A huge resilience programme of work is strengthening the Countyâs 5,000 roads, less waste (under 10%) is going to landfill than any other County, broad band technology is being rolled out into rural areas and every lamp standard in the County is being replaced with carbon friendly remotely dimmable white lighting lanterns and all schools and Council buildings fitted with smart meters to monitor and reduce energy consumption..
Connexions and advice services have been imbedded into schools. Youth services continue to be supported. Hampshire 540 Schools are still amongst the best performers in the Country.
As an active member of the South East 7 local authorities, the County is sharing its expertise and services with others. Co-operating with the South East 7 on waste disposal initiatives, Highways maintenance, IT services and leading on Property Service management, Procurement and Asset management, resulting in greater cost reductions for all by sharing service costs and earning fees.
Now also the Police and Fire services are in active discussion with the County to share administrative services such as HR Recruitment, communications and IT with the aim of reducing costs for each partner.
How is this seen by monitors? Care Quality and Ofsted inspectors have rated Children and Adult services as being above average and in some cases rated as Outstanding. The Audit Commission has rated Council Services as Excellent and confirms that it is giving good value for money.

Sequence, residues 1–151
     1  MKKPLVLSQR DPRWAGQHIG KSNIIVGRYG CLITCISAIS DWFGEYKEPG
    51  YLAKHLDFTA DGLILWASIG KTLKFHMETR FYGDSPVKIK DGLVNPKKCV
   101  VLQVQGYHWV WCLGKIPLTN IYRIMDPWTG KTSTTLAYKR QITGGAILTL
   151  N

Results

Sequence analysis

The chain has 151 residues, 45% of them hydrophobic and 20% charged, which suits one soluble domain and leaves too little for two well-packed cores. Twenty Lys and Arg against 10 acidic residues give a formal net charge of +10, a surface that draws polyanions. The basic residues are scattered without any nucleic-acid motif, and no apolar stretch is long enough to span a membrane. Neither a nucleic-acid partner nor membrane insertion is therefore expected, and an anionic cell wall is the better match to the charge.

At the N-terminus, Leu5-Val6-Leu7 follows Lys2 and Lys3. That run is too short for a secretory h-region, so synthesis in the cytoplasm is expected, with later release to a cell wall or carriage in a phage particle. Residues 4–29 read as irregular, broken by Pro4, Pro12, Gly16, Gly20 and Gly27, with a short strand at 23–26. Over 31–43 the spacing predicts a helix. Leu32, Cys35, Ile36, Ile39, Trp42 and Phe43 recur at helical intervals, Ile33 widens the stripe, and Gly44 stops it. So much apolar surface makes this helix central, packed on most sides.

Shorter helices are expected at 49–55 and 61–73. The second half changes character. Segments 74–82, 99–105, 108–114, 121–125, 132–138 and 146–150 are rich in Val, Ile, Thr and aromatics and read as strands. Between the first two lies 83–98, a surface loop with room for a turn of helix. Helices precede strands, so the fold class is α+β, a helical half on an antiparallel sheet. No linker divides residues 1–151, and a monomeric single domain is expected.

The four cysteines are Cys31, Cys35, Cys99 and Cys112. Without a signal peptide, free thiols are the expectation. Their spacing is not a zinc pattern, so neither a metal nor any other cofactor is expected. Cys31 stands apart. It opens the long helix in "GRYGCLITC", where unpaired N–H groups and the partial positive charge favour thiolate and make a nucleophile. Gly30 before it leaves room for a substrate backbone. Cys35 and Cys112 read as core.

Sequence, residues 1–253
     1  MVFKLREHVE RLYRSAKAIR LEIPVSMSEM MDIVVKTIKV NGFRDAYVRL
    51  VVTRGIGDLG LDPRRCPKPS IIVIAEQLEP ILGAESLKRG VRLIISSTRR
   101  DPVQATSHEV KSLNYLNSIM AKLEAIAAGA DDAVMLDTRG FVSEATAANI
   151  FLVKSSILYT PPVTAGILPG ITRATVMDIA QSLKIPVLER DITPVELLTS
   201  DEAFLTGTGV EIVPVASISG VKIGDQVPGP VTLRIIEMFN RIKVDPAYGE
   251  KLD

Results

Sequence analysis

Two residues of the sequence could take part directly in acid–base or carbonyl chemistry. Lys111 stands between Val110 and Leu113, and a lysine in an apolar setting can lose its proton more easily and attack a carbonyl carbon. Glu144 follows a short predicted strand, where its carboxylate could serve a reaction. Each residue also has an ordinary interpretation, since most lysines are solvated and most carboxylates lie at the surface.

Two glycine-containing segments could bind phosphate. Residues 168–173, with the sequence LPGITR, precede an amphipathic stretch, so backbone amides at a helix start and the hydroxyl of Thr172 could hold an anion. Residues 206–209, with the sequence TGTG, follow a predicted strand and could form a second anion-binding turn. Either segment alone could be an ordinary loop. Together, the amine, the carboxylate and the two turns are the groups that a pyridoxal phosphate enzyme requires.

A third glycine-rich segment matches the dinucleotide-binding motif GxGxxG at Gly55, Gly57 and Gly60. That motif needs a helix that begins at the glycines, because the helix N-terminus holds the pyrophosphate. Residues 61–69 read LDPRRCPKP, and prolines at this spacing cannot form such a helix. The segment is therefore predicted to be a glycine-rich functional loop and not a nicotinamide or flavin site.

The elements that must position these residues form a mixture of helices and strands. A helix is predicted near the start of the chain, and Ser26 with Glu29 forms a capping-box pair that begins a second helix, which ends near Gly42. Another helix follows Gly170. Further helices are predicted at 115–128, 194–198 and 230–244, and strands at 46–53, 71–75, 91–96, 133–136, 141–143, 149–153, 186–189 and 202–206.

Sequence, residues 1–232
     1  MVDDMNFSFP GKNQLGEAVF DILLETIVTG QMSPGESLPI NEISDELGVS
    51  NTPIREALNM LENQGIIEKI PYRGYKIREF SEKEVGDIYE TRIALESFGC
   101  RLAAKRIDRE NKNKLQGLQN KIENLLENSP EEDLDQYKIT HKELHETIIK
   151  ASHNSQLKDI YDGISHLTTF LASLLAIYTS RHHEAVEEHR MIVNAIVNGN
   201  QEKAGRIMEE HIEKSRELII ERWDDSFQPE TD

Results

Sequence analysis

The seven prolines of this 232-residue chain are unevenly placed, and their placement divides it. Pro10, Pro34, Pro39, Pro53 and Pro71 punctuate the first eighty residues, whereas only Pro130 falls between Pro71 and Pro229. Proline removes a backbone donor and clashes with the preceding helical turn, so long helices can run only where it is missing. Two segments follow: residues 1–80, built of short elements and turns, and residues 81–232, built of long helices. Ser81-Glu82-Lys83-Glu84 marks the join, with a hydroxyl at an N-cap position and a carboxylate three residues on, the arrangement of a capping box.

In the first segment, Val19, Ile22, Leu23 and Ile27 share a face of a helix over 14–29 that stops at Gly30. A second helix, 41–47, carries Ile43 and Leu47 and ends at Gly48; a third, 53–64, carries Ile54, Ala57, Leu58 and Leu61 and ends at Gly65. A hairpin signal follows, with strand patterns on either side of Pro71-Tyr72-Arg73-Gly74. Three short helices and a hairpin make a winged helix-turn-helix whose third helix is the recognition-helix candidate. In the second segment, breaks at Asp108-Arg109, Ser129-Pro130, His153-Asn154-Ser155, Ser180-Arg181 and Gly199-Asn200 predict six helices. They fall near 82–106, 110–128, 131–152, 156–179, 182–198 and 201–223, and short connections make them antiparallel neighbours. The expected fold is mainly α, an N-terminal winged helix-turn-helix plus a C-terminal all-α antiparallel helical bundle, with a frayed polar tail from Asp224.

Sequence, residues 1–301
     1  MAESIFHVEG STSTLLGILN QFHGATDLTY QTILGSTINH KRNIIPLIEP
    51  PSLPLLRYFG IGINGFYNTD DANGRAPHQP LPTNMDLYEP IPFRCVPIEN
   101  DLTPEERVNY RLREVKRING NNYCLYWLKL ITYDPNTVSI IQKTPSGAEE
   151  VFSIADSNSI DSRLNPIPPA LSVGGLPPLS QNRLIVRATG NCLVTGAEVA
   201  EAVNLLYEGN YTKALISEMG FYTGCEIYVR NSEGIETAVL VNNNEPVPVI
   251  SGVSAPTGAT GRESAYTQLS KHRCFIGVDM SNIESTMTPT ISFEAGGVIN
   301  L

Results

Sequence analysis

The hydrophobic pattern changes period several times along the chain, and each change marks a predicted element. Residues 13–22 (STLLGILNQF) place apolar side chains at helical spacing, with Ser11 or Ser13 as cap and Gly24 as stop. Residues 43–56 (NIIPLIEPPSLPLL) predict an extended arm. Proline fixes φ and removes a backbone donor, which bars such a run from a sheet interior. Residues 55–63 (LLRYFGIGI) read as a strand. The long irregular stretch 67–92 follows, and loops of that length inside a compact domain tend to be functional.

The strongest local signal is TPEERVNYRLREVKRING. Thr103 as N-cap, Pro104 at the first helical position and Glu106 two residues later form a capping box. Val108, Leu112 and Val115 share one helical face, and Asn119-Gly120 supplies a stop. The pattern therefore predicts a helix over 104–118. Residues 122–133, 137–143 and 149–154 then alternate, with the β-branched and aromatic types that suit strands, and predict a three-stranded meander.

Council Tax is the lowest in the South East and is being frozen again next year for the third year running, even though the County Council receives less financial support from Government than most other Councils in the Country (Â£142 per head of population against Counties like Nottinghamshire Â£253 per head, and Cumbria Â£317 per head).
It is still able to set side contingency funds earmarked for future expenditure and to pump Â£150 million into the local economy to provide the infrastructure for roads schools, waste disposal facilities etc., etc., to support a huge house building and economic regeneration programme across the County that will provide the jobs and homes and business so necessary to grow the local economy.
What of the future? Reductions in Government funding mean that further savings of Â£45 million for next year and this yearâs budget will show how departmental budgets will be reduced by a further 8% and how front line services will be further protected and improved as the demand for them. Increases and as the efficiencies now embedded in budgets continue to deliver savings and as a corporate service review delivers a reorganisation of top management and eliminates the duplication in the delivery of administrative services.
This is how forward looking County Councillors on the County Council have rolled up their sleeves and together with Council officers and staff have responded positively and creatively to ensure the protection of the services so essential to the prosperity and wellbeing of the people of Hampshire in response to the Challenges set by the huge reduction in funding from Central Government.
By year four of the Governments funding reduction programme, the County Council will not only be leaner, it will be stronger and give greater value for money for the people of Hampshire than ever before.
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2013 Election Result for Chandler's Ford
Date First Elected: 07/06/2001